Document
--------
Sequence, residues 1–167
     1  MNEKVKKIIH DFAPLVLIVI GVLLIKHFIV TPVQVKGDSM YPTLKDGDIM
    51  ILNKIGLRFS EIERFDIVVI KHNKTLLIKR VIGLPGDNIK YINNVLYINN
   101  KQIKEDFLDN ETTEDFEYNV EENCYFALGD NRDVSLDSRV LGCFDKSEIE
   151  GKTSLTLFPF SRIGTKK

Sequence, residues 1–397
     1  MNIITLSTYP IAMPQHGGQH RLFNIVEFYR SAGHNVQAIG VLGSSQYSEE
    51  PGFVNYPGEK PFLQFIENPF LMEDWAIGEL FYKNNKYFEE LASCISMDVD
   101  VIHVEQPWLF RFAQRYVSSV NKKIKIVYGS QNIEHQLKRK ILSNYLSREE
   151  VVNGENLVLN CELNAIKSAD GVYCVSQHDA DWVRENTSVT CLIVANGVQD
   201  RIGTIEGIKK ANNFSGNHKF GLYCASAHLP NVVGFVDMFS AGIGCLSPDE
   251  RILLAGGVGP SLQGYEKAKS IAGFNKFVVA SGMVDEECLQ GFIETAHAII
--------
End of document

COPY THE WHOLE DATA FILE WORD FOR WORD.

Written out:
Sequence, residues 1–167
     1  MNEKVKKIIH DFAPLVLIVI GVLLIKHFIV TPVQVKGDSM YPTLKDGDIM
    51  ILNKIGLRFS EIERFDIVVI KHNKTLLIKR VIGLPGDNIK YINNVLYINN
   101  KQIKEDFLDN ETTEDFEYNV EENCYFALGD NRDVSLDSRV LGCFDKSEIE
   151  GKTSLTLFPF SRIGTKK

Sequence, residues 1–397
     1  MNIITLSTYP IAMPQHGGQH RLFNIVEFYR SAGHNVQAIG VLGSSQYSEE
    51  PGFVNYPGEK PFLQFIENPF LMEDWAIGEL FYKNNKYFEE LASCISMDVD
   101  VIHVEQPWLF RFAQRYVSSV NKKIKIVYGS QNIEHQLKRK ILSNYLSREE
   151  VVNGENLVLN CELNAIKSAD GVYCVSQHDA DWVRENTSVT CLIVANGVQD
   201  RIGTIEGIKK ANNFSGNHKF GLYCASAHLP NVVGFVDMFS AGIGCLSPDE
   251  RILLAGGVGP SLQGYEKAKS IAGFNKFVVA SGMVDEECLQ GFIETAHAII